Bill would ease NH auction laws for online sites
Under current statute, users of eBay and similar platforms are supposed to get a state license
Companies and individuals would be able to auction off other people’s stuff on eBay, or any other platform, without getting a license if Gov. Chris Sununu signs Senate Bill 316 into law.
Yes, New Hampshire law requires a license for things like online auctions, and the fact that you may not know it is one of the arguments for the bill.
“There are thousands of people who have no idea that they are violating the state statute,” said Rep. Michael Costable, R-Raymond, when arguing for the bill on the House floor.
To obtain a license, you either have to go to auctioneering school or apprentice with a licensed auctioneer for six months, Costable said. One thing you’d have to learn was how to make a bid call, that repetitive cattle rattle that is the soundtrack of old-fashioned, real-life auctions. Then you have to pay $75 to take an exam, and pay $200 for a two-year licenses and post a bond worth $25,000.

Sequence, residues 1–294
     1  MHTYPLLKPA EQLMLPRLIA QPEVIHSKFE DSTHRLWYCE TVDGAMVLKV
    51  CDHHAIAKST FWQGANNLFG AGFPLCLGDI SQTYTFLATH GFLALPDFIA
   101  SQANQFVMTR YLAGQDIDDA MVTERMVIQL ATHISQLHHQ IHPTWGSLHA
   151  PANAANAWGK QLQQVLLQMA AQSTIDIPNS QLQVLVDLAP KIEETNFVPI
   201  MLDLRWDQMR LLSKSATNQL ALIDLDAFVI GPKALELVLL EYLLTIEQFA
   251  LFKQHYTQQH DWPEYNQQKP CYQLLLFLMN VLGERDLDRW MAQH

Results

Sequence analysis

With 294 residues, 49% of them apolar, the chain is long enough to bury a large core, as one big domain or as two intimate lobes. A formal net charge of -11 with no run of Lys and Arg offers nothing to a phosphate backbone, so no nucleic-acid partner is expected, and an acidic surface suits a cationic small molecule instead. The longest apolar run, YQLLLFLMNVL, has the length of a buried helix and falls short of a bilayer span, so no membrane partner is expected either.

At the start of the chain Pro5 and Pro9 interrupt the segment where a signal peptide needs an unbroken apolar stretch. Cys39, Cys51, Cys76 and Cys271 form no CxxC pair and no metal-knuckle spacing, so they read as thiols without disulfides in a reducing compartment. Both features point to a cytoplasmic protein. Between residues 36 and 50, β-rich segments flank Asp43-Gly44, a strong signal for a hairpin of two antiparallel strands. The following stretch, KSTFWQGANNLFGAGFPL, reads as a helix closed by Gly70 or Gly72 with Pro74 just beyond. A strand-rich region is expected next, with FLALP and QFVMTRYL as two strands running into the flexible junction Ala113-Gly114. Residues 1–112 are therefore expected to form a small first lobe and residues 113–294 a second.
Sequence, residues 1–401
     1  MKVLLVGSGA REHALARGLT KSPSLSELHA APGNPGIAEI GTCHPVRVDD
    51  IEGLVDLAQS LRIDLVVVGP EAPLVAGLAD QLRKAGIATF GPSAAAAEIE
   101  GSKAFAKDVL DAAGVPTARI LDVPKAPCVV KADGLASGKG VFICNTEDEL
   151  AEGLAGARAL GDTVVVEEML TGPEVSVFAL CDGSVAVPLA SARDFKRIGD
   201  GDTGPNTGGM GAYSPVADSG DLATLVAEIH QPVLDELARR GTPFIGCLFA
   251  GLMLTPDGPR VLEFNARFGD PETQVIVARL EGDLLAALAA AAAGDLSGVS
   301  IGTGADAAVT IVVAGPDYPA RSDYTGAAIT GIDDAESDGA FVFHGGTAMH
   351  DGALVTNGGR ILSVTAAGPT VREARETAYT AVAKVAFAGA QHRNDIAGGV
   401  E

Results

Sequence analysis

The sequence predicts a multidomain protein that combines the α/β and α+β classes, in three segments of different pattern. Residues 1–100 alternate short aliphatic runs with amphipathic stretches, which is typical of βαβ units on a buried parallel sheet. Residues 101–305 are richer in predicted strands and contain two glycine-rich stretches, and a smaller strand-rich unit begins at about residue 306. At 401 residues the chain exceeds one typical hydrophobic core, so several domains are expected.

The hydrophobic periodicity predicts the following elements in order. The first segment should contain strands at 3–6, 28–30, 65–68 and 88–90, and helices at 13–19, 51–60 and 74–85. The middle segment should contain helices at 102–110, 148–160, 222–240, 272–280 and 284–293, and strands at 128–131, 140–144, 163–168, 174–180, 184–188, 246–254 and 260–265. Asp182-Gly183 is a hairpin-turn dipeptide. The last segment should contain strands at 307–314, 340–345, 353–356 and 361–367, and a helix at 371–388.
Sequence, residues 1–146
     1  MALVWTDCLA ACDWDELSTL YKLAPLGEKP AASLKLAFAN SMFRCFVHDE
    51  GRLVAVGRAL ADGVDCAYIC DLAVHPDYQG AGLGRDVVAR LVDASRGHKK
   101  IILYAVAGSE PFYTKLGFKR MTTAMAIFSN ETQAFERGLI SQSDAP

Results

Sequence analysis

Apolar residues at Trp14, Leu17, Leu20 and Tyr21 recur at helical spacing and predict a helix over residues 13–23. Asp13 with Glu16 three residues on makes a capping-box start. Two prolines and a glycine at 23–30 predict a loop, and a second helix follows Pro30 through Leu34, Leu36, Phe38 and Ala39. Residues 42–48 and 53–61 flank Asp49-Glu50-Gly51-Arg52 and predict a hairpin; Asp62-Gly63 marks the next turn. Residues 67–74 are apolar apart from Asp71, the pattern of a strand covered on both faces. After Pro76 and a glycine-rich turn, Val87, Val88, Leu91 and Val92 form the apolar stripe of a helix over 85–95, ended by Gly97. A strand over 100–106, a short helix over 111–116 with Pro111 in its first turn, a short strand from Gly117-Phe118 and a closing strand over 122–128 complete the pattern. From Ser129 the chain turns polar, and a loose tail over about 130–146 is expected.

”I shouldn’t have to learn a bid call to post a picture online,” Costable said.
A good number of representatives opposed the exemption. Rep. Rebecca McBeath, D-Portsmouth, emphasized that even under existing law someone can put their own stuff on the internet, and she quoted FBI statistics showing that online auctioneering fraud is one of the top 10 complaints in 2016.
Even if that was true, said Costable, a state law was impossible to enforce, since the “barriers are global.” Some 43 states don’t require an auction license for online sales, and 23 don’t regulate auctions at all. How can you enforce such a law, “when all you need is an email address, and within three minutes you can be selling online?”
Auctioneers oppose the bill, said Rep. John Hunt, R-Rindge, but what about the “grandmother bringing the family relic on consignment and the shop says, ‘I could get a broader audience’ if it goes online?’ And the grandmother, who’s not comfortable with computers, asks for the consignment store to do it for them.
“You should not need a license to do that,” said Hunt.
The House passed the bill, 192-137, sending it to Governor Sununu for his signature.